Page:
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Basic Dream Interpretation

Dreams can tell us something about ourselves. They are not necessarily coherent at first as they tend to resemble a jig saw puzzle that needs to be fitted together before it makes any sense.

The eminent Psychiatrists Doctors Freud and Jung believed in universal symbols inherent in humankind, which present themselves in dreams. Dr. Freud postulated that much of our dream world revolves around repressed sexuality and conflicts with the Id and Superego. His student Dr. Jung, believed the subconscious not only contains information about ourselves, but gives us the tools for healing ourselves as well. Both psychiatrists were fundamental in the introduction of dream work as a psychological tool.

Some dreams are indeed universal, or at least very common. Many of us have experienced flying dreams as children yet not many adults still do. Flying dreams in children tend to be a pleasing experience because flying is an expression of freedom.

Except for unusual situations, children commonly are well cared for. They have no bills to pay, no job to worry about and are provided with free meals and a place to sleep. As children grow, more and more responsibility is thrust upon them. Homework, chores and after school activities start putting a damper on freedom, thus flying dreams diminish as we begin to morph into adulthood.

Dreams represent our deepest emotions and our responses to them. In waking life, we are inundated with a massive amount of information our brains cannot process immediately. We unconsciously prioritize information reserving the rest for consideration at a later time, or they can be previewed through our nightly theater.

Dreams help us understand what it is we are truly feeling, uncensored and non-judgmental. We all hold our tongues from time to time for decorum sake and everyone has felt the urge to strangle someone we felt desperately needed it. We repress our anger and attempt to censure our thoughts. We our slaves to our conscience, our sense of morality and societal laws. Dreams allow us to let off steam and allow us a peek underneath the mask we show to the public at large. A protection mechanism built up over the years as we gain experience with betrayals, disappointments, trauma and other incidents that causes pain. In other words, life.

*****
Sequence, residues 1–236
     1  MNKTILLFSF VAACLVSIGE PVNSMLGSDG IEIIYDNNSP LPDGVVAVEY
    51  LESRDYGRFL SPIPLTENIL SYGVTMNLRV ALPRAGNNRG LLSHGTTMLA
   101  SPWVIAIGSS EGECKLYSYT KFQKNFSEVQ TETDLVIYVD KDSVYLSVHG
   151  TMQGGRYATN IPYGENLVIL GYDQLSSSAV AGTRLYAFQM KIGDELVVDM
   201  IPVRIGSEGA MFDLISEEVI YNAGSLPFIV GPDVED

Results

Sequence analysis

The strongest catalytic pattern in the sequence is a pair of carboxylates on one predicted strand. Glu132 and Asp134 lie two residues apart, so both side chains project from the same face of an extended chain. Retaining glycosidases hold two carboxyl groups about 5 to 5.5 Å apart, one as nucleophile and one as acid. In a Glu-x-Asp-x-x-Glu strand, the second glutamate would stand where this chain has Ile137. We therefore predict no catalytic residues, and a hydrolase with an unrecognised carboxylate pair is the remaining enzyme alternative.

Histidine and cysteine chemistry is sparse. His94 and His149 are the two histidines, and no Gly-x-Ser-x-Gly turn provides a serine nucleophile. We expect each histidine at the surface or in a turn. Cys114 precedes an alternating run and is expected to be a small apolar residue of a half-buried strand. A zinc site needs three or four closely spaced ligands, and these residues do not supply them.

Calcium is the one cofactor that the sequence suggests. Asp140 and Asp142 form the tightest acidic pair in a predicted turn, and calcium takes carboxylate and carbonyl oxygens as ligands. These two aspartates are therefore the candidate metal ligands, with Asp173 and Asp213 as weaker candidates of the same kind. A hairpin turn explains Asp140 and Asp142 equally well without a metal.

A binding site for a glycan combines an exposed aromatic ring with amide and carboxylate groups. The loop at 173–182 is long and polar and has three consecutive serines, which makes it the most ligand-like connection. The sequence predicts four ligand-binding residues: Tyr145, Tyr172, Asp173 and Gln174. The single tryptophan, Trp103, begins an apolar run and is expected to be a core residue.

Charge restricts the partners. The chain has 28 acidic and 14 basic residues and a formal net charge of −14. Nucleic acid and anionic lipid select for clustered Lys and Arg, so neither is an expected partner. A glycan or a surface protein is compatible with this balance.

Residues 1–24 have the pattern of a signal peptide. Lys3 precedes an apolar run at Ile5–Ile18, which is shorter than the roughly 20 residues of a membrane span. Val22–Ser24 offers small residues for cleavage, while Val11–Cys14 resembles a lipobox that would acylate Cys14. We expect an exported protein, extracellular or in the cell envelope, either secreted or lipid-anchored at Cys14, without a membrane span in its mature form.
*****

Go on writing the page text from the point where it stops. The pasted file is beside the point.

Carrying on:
Emotions felt in the distant past could be triggered by a seemingly trivial incident in waking life, which can be revisited in our dreams. A gentle reminder that the issue is still there and still needs to be resolved. Like it our not, we are emotional creatures and we are governed by our emotions more often than our logic. Our emotional responses do not just disappear, no matter how well hidden. They germinate and simmer and if not effectively addressed, boil over into depression, ulcers, headaches and phobias.

An affective way of experimenting with your own dream interpretation is to start paying attention to them. Try this for a month or so. Because dreams fade upon waking, it is a good idea to keep a dream journal. Keep a notepad or tape recorder at your bedside.

When you awaken from a dream, immediately write it down or record it. Write or record in the first person and in the present tense. Instead of “I was walking down a lane,” use “I am walking down a lane.” This will get you into the habit of remembering that your dream is about you. Do not try to interpret your dreams as you write, you could lose a few possibly important details. The most important aspect of any dream is how you felt so make sure this is recorded as well. Note if the dream is in color or black & white, if you were a participant, observer or both, and any smells you may have noticed. Bear in mind that many dreams reflect waking incidents and are usually straight forward with no abstractions or symbolism. The difference is that straight forward dreams are easily recognized as such. Don’t make yourself crazy searching for symbols that are not there.

Dreams can also form patterns. Often times after writing a few dreams down, you may very well see a certain pattern or theme coming into play. Recurring dreams have certain patterns, and details are often added to recurring dreams each time it’s dreamt. A pattern of frustration for example, is if you find yourself constantly looking for something and never finding it or trying to get somewhere and are always prevented somehow. What you need to find out is what is causing your frustration and how to stop it. These, at least in my experience, are the easiest to interpret because you probably already know what you are frustrated or anxious about. The trick is to find out how to overcome it.

I would suggest you purchase or borrow a dictionary of dream symbols. Use this as a guide only, it may strike a mental chord within you. Dictionaries, like news paper horoscopes are designed for common symbolism. As individuals, symbols are unique to your specific experience and one cannot apply common dictionary symbols to every individual. Use it as a guide to help you understand symbols generally.

Dreams can be an important to self understanding and is an important aspect of your life since we spend over a third of our lives asleep. Get acquainted with yourself by becoming attentive to your dreams.

By Naturesprite
nevis@fsinter.net

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